The day after I put Mocha to sleep, I got a welcome invitation from Ben, the guy who managed the pirate shipwreck house on the beach in Santa Teresa. “Would you like to come live with me for a while? Heads up – the house has been condemned and is going to be torn down. I don’t know when, but they will assign a date any day now.”
Despite the impending termination of the proposal, I could think of no reason not to go back to live at the beach.
Although, my body became heavy with dread as I looked over my material possessions spread all over the floor. I felt like collapsing when I thought about having to pack up all my things into my car just days after I had unpacked it.
“You have too much stuff,” said Tiger.
Sick of the heavy burden, I gave her over half of it.
She seemed super pleased.
I was left with a car trunk full of crap and a couple suitcases and I shifted my focus to the complicated logistics of moving to the beach.
I couldn’t drive my car to Santa Teresa. I had to figure out where to store it along with my possessions I had left that I couldn’t carry on my back or roll behind me. I hadn’t worked all year, so my budget was as little as possible.
Ben had a solution. “Just call Sal. He knows someone for sure.”
Sal was his connection in San José who acted like a fixer for the wealthy gringos in Santa Teresa. Need 50 cases of champagne brought to you in the middle of the jungle for your birthday? Sal will do it. Need a tow and a new clutch after breaking down on the side of the highway? Sal will handle it. Need to store your car packed with your belongings in a garage where someone will drive it every once in a while so it stays healthy? Sal will find someone trustworthy to handle it.
Or so I thought. But I don’t find this out until much later in this story.
So car storage handled. Tiger loaded up with new-to-her clothes, art, and kitchen accessories. Mocha buried.
I was ready to move to the beach in Costa Rica. Again.
I felt lighter and looked forward to the ways in which being on the coast would help me process through Mocha’s death. The sand and salty air rejuvenates my skin. The rhythmic sounds of the waves crashing at night out my bedroom window gift me with deep restorative sleep. The sun and fresh greens feed my soul.
I arrived and within a week was bedridden with Dengue or Chikungunya.
I don’t know which one, but the symptoms are undeniable. The lab test in Santa Teresa cost $80. I didn’t have the budget to contribute to government statistics or the energy to leave the bed. Makes you think twice about how reliable that data is, huh?
After suffering a week, my roommates brought me some papaya leaf juice. All of us doubted it would do any good. I took a shot, passed out for a few hours, then woke up with enough energy to go downstairs and prepare food for myself. Huge accomplishment.
Papaya leaf juice really does cure Dengue symptoms. Bonus – I used it later when I was diagnosed with a debilitating fungal infection that I’m still treating. More on that later.
After the fever and recovery, life at the beach house in Santa Teresa evolved into a fantastic dirty paradise.
“Be careful, by entering this house you accept all liability,” warns Ben to all visitors.
I already mentioned the house was condemned. This meant that as things broke, they weren’t fixed.
Floorboards failed and left gaping holes and dangerous steps. Plants grew with abandon threatening to overgrow the house. Rain penetrated the failing roof. Termite poop dust fell on every surface including my face at night. Touching certain walls would result in a jolt from failing electrical wires.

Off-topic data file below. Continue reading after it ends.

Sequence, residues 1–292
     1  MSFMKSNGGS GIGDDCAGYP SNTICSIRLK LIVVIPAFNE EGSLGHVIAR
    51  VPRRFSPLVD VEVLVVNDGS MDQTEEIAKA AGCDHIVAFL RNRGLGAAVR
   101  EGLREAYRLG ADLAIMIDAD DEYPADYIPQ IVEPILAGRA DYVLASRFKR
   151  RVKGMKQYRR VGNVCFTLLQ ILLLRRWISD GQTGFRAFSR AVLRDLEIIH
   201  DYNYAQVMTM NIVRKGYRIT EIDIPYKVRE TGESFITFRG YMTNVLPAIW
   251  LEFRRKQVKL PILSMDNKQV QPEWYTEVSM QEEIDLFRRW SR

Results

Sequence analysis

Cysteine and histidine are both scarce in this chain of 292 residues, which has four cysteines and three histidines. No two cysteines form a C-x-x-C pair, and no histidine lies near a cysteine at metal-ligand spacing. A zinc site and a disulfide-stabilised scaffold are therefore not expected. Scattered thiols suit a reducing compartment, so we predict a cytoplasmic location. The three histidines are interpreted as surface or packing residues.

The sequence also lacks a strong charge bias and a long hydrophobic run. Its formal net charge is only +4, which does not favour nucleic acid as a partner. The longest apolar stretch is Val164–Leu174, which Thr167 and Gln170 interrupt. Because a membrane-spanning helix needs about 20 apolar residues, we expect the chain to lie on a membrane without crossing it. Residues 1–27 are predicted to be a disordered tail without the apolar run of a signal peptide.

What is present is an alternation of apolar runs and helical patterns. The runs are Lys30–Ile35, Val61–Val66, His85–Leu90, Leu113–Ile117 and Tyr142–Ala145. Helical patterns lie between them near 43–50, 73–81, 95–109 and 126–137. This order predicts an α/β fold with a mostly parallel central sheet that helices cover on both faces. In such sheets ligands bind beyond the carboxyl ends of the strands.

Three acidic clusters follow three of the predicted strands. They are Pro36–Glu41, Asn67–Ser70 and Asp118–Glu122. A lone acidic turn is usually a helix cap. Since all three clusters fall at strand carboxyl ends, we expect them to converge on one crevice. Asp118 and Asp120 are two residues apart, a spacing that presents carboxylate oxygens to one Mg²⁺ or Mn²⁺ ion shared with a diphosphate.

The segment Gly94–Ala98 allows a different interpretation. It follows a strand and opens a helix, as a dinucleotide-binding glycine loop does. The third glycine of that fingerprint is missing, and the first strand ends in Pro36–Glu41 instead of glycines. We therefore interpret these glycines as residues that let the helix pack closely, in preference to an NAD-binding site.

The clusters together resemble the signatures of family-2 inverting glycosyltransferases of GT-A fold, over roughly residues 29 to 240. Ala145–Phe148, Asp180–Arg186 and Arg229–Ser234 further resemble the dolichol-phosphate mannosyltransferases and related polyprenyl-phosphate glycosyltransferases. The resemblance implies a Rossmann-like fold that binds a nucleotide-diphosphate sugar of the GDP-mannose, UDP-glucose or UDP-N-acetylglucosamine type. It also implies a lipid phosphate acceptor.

Power would go out at the slightest storm.
The path to the beach was dangerous, laden with potential skull-cracking coconuts that would explode as they hit the ground throughout the day and night.
The town was in a drought and city water had been shut off. We had to order expensive dirty water from a company that delivered it in rickety dust-covered trucks. The rationing was so extreme that any violation of the house water rules would result in immediate expulsion from hippie shipwreck island.
I was sharing this house with 5 others. Competition to get a room was fierce. Despite all of its escalating problems, people couldn’t help but be enchanted by the powerful feng shui and good vibrations. As soon as anyone stepped into the house, their breath was taken away.
A typical day for me on hippie pirate shipwreck island was like this:
5:30 am – Wake and meditate with the rising sun.
6 am – Walk on the beach with my tiny dog Mali.
6:30 am – Teach private yoga lessons on the deck by the beach.
8:30 am – Breakfast cooked by my hot host who was a little too old and kind of a dick, but made playtime really fun and was a master of intriguing conversations.
10 am – Art and play time.
Noon – Lunch next door at the pirate hippie surfer man cave, cooked by my friend Laura who came from San Francisco to chef for a season.
2 pm – Art and play time.
3:30 pm – Sauna and cold plunge. Repeat. Repeat…
5 pm – Beach for sunset.
6 pm – Dinner cooked at home or next door, always a quaint social event.
7 pm – Movie or hanging out.
9 pm – Bed time.
I only left the house to walk on the beach or to go to the grocery store that was across the street. The long path through the jungle to the road sheltered us from the dusty coked up town of Santa Teresa and life really was like living on a secluded island.
I forgot about my troubles, I felt like I was home again. Then reality came calling.
“The date came in. The house is being torn down August 8.” said Ben.
“It’s time,” I thought.
I bought my ticket back to the US.
It felt wrong, but I had to see how it was. Could I live there again? Maybe it would be wonderful. More convenient? Easier? At least I wouldn’t have termite poop dust falling on my face every night.
With two suitcases and one tiny dog, I left Costa Rica. I had no idea the obstacles that awaited me in the United States.